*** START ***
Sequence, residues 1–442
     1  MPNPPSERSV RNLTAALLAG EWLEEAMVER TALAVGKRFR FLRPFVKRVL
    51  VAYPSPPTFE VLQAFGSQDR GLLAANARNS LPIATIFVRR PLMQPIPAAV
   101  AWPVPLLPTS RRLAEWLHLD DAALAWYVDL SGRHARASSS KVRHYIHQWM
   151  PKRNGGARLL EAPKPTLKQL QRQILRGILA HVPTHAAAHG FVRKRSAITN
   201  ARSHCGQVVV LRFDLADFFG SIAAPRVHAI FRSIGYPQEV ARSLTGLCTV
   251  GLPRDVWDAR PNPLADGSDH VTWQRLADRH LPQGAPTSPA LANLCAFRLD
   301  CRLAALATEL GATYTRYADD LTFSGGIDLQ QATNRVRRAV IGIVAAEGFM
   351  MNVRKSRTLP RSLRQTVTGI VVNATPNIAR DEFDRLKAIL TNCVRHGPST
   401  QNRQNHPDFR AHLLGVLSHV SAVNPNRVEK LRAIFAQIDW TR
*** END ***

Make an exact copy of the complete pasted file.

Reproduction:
Sequence, residues 1–442
     1  MPNPPSERSV RNLTAALLAG EWLEEAMVER TALAVGKRFR FLRPFVKRVL
    51  VAYPSPPTFE VLQAFGSQDR GLLAANARNS LPIATIFVRR PLMQPIPAAV
   101  AWPVPLLPTS RRLAEWLHLD DAALAWYVDL SGRHARASSS KVRHYIHQWM
   151  PKRNGGARLL EAPKPTLKQL QRQILRGILA HVPTHAAAHG FVRKRSAITN
   201  ARSHCGQVVV LRFDLADFFG SIAAPRVHAI FRSIGYPQEV ARSLTGLCTV
   251  GLPRDVWDAR PNPLADGSDH VTWQRLADRH LPQGAPTSPA LANLCAFRLD
   301  CRLAALATEL GATYTRYADD LTFSGGIDLQ QATNRVRRAV IGIVAAEGFM
   351  MNVRKSRTLP RSLRQTVTGI VVNATPNIAR DEFDRLKAIL TNCVRHGPST
   401  QNRQNHPDFR AHLLGVLSHV SAVNPNRVEK LRAIFAQIDW TR